How Much Depth & Space Do Potatoes Need to Grow? (3 Things To Know)


When growing potatoes, it is important to give them the space they need to thrive.  Otherwise, you will end up with small potatoes (or no potatoes!), despite all your hard work during the growing season.

So, how much depth and space do potatoes need to grow?  Each seed potato should be planted 4 inches (10 centimeters) deep.  Leave 12 inches (30 centimeters) between potato plants, with 36 inches (0.9 meters) between rows. Potatoes will need 8 inches of loose soil below the surface to allow their roots and tubers to grow.  You may also need to add up to 12 inches (30 centimeters) of soil above the surface during the growing season (this is known as hilling).

Of course, some potato varieties will have deeper and wider root systems than others.  If you are growing in a container, it will need to be 24 inches (0.6 meters) tall to give potatoes enough space.

In this article, we’ll take a closer look at how much depth and space potatoes need to grow. We’ll also discuss how big you might want a planter, container, or raised bed to be for planting potatoes.

Let’s begin.

How Much Depth & Space Do Potatoes Need To Grow?

Potatoes will need smooth soil at a depth of up to 8 inches (20 centimeters) to grow properly. Potato tubers (the part of the plant you harvest and eat!) will grow between 2 and 5 inches (5 and 12.5 centimeters) long, depending on the variety.

potatoes
Potato tubers (the part of the plant you eat) can grow 2 to 5 inches long.

Since the entire potato tuber grows underground, you will need to loosen and sift your soil to a depth of at least 8 inches (20 centimeters). To give yourself a little margin of error for deeper-rooted varieties, you might want to loosen and sift the soil to a depth of 12 inches (30 centimeters) or so.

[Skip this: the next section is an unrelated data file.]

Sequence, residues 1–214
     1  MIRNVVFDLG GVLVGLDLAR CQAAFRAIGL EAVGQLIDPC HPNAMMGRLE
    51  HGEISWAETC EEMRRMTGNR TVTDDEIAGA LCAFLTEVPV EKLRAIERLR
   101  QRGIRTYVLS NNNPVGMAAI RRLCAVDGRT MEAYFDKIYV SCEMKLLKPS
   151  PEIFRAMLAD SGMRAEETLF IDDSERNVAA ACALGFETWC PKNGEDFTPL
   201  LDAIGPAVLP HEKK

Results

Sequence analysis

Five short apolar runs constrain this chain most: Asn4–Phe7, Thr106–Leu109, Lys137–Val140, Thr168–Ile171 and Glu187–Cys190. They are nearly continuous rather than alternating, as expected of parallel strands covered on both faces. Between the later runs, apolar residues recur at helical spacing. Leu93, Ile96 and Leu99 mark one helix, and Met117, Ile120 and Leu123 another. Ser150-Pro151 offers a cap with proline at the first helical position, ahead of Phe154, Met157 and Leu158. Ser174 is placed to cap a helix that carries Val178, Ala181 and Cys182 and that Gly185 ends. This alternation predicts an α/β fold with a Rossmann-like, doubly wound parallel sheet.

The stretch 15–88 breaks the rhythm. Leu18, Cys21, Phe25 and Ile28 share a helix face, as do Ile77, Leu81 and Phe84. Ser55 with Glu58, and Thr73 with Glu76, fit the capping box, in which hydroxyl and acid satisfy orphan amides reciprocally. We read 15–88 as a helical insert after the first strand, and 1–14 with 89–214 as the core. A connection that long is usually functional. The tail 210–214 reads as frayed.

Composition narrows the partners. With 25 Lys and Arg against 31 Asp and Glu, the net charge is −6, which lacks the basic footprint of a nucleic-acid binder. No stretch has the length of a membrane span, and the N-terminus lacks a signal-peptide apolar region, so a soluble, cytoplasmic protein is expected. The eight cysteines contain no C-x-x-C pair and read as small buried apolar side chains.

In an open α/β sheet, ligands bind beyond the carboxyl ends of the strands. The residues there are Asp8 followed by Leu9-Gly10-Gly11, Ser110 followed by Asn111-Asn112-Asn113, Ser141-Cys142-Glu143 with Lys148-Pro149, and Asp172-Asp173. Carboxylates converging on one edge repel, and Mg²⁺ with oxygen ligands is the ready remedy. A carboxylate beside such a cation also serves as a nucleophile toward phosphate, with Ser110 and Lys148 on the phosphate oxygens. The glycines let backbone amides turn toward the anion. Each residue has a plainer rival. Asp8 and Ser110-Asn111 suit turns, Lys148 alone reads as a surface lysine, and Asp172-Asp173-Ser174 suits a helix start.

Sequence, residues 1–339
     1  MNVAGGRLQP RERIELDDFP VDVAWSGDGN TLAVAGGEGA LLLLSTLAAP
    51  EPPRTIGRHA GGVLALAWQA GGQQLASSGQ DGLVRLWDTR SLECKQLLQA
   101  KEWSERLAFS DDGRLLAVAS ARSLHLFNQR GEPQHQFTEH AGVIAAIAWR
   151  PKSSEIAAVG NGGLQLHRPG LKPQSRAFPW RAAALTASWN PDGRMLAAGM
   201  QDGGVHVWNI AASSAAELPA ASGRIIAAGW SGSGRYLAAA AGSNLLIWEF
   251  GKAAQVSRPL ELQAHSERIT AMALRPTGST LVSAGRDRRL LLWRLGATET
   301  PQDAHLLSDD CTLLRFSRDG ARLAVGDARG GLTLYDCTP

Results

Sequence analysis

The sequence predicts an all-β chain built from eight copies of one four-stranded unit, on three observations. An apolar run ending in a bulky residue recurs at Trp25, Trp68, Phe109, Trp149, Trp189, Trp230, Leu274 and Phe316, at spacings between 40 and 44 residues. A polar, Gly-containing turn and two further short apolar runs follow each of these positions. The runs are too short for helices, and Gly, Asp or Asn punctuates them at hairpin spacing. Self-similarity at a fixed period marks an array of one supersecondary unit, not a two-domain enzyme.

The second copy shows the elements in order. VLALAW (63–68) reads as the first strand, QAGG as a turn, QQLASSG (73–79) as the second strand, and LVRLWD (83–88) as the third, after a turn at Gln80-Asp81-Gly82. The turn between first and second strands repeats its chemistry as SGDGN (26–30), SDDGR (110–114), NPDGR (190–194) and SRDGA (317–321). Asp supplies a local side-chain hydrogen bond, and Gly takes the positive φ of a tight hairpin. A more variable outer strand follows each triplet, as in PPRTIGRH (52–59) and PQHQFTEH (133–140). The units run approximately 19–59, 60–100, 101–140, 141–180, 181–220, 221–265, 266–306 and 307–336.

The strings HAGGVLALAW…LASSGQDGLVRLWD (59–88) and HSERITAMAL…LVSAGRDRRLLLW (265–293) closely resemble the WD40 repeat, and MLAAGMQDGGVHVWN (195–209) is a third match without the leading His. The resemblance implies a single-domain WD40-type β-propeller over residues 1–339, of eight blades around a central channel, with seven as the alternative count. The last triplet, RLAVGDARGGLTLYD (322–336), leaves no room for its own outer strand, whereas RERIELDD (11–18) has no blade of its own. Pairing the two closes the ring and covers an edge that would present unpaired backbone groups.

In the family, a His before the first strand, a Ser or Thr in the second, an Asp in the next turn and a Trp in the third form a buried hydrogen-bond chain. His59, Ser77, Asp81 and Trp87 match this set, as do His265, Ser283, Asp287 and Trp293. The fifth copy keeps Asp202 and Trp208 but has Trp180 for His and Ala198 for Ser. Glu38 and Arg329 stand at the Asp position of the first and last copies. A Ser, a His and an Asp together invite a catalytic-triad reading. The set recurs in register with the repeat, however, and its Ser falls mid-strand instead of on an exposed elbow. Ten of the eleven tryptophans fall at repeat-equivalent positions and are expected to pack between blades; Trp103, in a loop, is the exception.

Of course, if you want to set a record, you will need much deeper soil than that.  That’s because the world record for the heaviest potato is 8 pounds, 4 ounces!

How Deep Do You Plant Potatoes?

According to the University of Illinois Extension, you can plant potatoes 1 to 3 inches deep. In many cases, they don’t need a thick layer of soil to start growing into healthy plants.

If you cut a seed potato into smaller pieces (leave at least one eye per piece!), don’t bury the pieces too deep. Otherwise, they might run out of energy for growth before they break the soil surface.

How Far Apart Do You Plant Potatoes?

According to University of Nebraska-Lincoln Extension, each potato plant will need 12 inches (30 centimeters) of space around it to grow.  This will prevent competition between adjacent plants and prevent their roots from getting tangled up.

There should be 3 feet of space between rows of potatoes. This will allow space for watering and pullling weeds during the season.

In any case, potato plants will need smooth, sandy soil in order to grow their best.  To find out more about the ideal soil conditions for growing potatoes, check out my article here.

soil
Sift the rocks and other debris out of your soil before planting potatoes. This prevents misshapen tubers.

The soil you use to grow potatoes should always be free from rocks, roots, hard dirt clumps, and other obstructions that might cause potatoes to grow deformed.  You can use a soil sifter to remove this debris from your garden.

You can still use a soil sifter to remove debris from soil in a raised bed. However, the depth of a raised bed (planter box) or grow bag will need to be a bit taller than 8 inches.

This is because you will need more height to hold the extra soil required for hilling (we will get into more detail on hilling later).

How Deep Should A Raised Bed (Or Planter Box Or Container) Be For Potatoes?

I recommend a depth of 24 inches (0.6 meters) for a raised bed, planter box, or container to grow potatoes.  Here is a breakdown of the depth:

  • Bottom 10 inches: this includes space for enough soil to contain potato roots and tubers (the part of the plant you will harvest).  This gives you a 2-inch margin for error, just in case your potatoes do really well and the roots grow a little longer than expected!